12.02.10 Dr. Garth Rosenberg Blood Clots and Flying

Risks Associated With Flying & Varicose Veins

read an interesting article in the medical journal Phlebology this month that discussed the risk of developing blood clots in the legs when flying long distances. This dangerous condition is called deep vein thrombosis (DVT) that, if left untreated, can become deadly.

London’s Heathrow airport is one of the world’s busiest, and this article estimates that about 11,000 cases of leg vein clots occur yearly in patients traveling through Heathrow alone. You can see how this can be a huge public health issue considering how many large airports exist throughout the world with so many long haul passengers.

Despite the significant risk of DVT, and the recognition of the health impact by the World Health Organization (WHO), very few airlines actually advise patients on the best methods to reduce the risk of blood clotting. In 2001, WHO set up a comprehensive research program called WRIGHT (WHO Research Into Global Hazards of Travel) to study the links between air travel and venous thrombosis.

Long hours of sitting relatively immobile in an airplane cabin leads to poor flow in the leg veins and, in turn, elevates the risk of blood clots. A clot that travels through the blood stream and blocks a blood vessel in the lung can cause a pulmonary embolism (PE). Depending on the size of the clot, a PE can be life threatening.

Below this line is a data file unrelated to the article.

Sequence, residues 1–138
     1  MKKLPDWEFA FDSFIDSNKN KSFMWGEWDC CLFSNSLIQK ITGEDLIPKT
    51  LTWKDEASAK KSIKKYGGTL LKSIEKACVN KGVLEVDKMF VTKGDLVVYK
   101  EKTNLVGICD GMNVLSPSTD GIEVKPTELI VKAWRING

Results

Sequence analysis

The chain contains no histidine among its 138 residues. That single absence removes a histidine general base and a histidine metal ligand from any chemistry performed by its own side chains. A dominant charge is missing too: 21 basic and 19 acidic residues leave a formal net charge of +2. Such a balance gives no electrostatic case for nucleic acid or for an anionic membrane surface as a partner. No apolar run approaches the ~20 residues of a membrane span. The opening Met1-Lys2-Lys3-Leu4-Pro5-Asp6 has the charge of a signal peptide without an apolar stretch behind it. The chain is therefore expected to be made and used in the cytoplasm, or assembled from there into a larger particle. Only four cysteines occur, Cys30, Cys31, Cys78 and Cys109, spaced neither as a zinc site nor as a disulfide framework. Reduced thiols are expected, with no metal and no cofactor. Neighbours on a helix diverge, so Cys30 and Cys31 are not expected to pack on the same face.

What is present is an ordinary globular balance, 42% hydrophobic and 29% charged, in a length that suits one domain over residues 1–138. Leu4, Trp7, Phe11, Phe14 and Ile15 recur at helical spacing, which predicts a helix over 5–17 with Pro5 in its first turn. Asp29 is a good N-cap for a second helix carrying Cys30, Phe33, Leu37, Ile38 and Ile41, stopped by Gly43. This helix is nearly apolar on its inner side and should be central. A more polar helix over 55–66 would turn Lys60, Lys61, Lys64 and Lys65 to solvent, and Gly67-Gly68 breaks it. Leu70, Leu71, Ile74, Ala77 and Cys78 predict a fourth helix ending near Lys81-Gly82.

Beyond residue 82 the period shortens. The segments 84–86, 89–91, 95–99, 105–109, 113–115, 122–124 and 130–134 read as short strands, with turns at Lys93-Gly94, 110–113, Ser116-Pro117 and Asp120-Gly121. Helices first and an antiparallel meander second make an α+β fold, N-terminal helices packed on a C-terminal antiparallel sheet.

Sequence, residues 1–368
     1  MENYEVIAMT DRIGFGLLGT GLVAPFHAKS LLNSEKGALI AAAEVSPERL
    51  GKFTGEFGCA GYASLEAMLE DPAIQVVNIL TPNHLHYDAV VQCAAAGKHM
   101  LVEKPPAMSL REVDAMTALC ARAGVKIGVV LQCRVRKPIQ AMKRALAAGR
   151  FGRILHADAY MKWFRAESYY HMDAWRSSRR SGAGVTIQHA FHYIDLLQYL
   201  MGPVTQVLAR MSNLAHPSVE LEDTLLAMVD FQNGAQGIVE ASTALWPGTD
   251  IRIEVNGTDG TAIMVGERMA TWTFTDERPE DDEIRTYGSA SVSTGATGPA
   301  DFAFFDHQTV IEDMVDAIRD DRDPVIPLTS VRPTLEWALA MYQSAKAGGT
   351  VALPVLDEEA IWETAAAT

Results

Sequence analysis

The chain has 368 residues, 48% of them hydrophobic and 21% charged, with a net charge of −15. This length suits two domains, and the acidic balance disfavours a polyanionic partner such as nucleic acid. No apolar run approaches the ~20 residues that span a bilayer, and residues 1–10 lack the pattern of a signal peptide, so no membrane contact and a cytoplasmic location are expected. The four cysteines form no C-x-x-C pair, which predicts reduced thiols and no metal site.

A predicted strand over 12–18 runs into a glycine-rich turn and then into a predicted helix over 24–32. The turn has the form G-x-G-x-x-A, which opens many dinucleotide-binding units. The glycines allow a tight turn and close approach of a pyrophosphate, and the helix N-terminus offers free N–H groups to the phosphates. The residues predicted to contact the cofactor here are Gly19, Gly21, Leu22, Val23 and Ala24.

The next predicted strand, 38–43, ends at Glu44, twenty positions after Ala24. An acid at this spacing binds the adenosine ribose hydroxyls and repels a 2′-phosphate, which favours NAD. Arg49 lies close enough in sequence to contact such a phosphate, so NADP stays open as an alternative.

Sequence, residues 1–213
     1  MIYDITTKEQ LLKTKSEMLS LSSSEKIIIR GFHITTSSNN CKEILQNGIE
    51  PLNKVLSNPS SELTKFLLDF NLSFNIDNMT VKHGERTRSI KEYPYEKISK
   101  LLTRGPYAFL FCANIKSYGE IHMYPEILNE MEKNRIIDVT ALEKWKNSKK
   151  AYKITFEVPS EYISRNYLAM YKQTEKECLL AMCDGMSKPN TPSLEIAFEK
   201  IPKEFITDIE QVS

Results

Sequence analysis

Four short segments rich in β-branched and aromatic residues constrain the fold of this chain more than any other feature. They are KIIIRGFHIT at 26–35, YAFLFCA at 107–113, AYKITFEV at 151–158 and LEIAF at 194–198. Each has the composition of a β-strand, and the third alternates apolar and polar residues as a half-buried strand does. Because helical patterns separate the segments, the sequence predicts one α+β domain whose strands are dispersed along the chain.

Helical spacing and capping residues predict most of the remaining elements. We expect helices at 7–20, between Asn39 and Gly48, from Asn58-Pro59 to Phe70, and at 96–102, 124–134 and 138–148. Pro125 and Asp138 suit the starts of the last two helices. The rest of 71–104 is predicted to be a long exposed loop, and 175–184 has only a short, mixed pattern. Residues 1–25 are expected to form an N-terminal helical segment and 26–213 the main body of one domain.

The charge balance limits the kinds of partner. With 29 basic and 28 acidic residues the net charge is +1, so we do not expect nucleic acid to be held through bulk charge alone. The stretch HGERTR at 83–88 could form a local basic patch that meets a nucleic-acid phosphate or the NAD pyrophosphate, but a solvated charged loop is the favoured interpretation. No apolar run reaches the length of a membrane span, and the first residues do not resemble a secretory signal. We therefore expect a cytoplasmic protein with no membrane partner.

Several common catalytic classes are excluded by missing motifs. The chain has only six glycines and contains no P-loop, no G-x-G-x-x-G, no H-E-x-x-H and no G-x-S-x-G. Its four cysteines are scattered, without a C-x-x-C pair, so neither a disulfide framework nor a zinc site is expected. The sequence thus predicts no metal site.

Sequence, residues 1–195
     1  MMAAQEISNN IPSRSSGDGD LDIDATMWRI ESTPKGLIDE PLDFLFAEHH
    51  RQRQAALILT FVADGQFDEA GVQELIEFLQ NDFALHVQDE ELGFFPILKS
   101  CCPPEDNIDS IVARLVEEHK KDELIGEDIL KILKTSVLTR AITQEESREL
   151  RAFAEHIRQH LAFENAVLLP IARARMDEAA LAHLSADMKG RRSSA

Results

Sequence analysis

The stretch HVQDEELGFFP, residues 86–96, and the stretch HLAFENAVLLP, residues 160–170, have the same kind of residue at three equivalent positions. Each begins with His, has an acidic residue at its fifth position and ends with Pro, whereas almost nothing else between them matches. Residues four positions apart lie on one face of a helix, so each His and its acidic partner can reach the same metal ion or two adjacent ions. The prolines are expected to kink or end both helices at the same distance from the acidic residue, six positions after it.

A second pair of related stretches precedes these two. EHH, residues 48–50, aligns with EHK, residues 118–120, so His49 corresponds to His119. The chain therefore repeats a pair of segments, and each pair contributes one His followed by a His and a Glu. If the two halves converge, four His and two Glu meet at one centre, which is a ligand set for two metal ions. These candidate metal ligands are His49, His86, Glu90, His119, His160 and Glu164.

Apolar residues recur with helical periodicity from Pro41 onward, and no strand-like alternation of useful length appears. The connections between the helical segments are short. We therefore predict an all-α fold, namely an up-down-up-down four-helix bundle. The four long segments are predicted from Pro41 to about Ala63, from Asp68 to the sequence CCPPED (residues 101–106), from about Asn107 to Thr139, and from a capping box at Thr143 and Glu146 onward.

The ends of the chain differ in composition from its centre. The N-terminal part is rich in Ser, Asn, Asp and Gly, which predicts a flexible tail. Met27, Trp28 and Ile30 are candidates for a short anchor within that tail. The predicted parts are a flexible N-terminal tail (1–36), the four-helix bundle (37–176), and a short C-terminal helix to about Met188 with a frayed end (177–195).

In the last three weeks, I have treated two patients who brought this problem to light. One was a businessman who flew round trip to DC from Paris. The other was a woman returning to Washington, DC after her 20th anniversary get-away to Hawaii. Both had significant leg pain and swelling after arrival back to the States. Their ultrasounds showed dangerous deep vein blood clots. Unfortunately, now that the clots have developed, the patients need to be on blood thinners for quite a while, and there is an increased risk of long-term vein damage.

Smoking and use of birth control pills increase the risk of clotting, as does having varicose veins. Despite what people may think, varicose veins that are not causing significant symptoms still, in fact, increase the risk of clotting. VNUS Closure is an excellent method of treating these veins to reduce the risk of blood clot.

Simple methods to reduce the risk of DVT include using good quality support hose, staying well hydrated on the plane, performing leg exercises while sitting, and walking the aisle every few hours. Exercises that use the calf muscles are best, such as toe and heel lifts for several minutes every hour. Modifying medications and avoiding smoking before, during and after travel can reduce risk as well. An interesting video can be seen at How to Prevent Blood Clots while Flying.

If you experience leg pain or swelling after a long plane (car or train) trip, I strongly recommend you see your doctor for an ultrasound of the legs to ensure no clot is present. Timely diagnosis can help reduce both the short and long term health risks.

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